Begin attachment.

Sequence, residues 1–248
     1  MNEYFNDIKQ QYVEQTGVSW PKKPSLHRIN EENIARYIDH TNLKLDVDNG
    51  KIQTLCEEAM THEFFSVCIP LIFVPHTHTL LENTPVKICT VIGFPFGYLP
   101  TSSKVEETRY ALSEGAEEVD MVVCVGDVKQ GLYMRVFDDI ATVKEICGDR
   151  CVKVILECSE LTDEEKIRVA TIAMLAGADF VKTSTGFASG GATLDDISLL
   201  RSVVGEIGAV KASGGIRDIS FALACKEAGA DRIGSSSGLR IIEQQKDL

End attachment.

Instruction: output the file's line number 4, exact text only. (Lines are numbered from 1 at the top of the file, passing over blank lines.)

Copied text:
   101  TSSKVEETRY ALSEGAEEVD MVVCVGDVKQ GLYMRVFDDI ATVKEICGDR